Let’s talk about drugs. Let’s talk about the way we talk about drugs. Most importantly, let’s talk about the drugs industry itself, and the effects that the production and export of cocaine has had on the livelihood of Latin America. Beginning life as the result of a collaboration between the London collective Blackboard Theatre and Columbian artist Miguel Hernando Torres Umba, Stardust is an eye-opening, heart-pounding solo show that is destined to become a sell-out hit at the Edinburgh Fringe.
Stardust is a show of extremes, both deeply emotive and piercingly cynical.
There are several intertwining stories at play here: modern socioeconomic context is wound around the tale of the coca plant, considered a sacred gift from the gods by the indigenous people of South America and - of course - rapidly converted into profit once discovered by colonists and returned to Europe in the 15th century. What begins as a TED talk soon turns into something much more: an impassioned plea on behalf of a maligned and misunderstood country, with Umba mocking, embracing and ultimately rejecting the gun-toting, powder-sniffing stereotype inflicted upon himself and his fellow citizens.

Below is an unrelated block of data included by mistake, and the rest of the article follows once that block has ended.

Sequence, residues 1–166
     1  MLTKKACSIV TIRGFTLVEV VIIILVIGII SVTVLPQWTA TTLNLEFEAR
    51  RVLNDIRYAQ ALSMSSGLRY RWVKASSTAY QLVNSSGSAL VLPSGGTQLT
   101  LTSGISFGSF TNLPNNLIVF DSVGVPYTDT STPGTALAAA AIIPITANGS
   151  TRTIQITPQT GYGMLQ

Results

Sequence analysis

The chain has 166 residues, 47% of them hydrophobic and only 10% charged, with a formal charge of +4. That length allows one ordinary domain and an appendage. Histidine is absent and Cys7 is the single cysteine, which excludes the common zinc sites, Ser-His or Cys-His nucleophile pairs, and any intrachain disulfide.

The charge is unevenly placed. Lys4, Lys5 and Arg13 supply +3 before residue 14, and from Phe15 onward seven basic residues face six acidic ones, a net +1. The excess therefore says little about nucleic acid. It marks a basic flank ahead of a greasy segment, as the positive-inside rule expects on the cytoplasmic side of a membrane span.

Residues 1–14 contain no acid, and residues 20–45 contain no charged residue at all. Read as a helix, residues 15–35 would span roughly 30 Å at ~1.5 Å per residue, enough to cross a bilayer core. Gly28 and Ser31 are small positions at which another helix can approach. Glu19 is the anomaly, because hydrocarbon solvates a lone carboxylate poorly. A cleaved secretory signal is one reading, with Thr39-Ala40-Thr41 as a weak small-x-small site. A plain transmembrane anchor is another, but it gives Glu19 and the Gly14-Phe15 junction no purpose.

It’s a fast and furious race through theatrical genres, aided by ample use of beautifully designed projections that take us from the jungles of Columbia to the streets of London in the blink of an eye. Ever wondered what taking cocaine might do to your body? A particularly well-executed sequence of both the highs and devestating lows experienced by Class A users will save you the trouble of finding out.
As a writer and performer, Torres Umba is nothing short of exceptional. From scene to scene, he owns the stage like a man possessed: whether sashaying through a drug-fuelled Saturday night or leaping into the arms of unsuspecting audience members, it’s impossible to avoid absorbing some of his infectious energy. The novel idea of appearing to run the narrative through ‘secret’ prompts from his team, hidden in white boxes amongst the audience to keep the show ‘fresh’, means that there is a sense of dangerous instability as we wait with baited breath to hear what is to happen next. Flirtation turns into fixation with the innocuous powder, as Miguel confesses to us that he has never actually tried cocaine himself. The assumptions made by airport staff, UK police and passers-by, then, become all the more powerful.
Stardust is a show of extremes, both deeply emotive and piercingly cynical. Originally intended as a conversation starter, this is a show that you’re going to be raving to your friends about for the rest of the festival.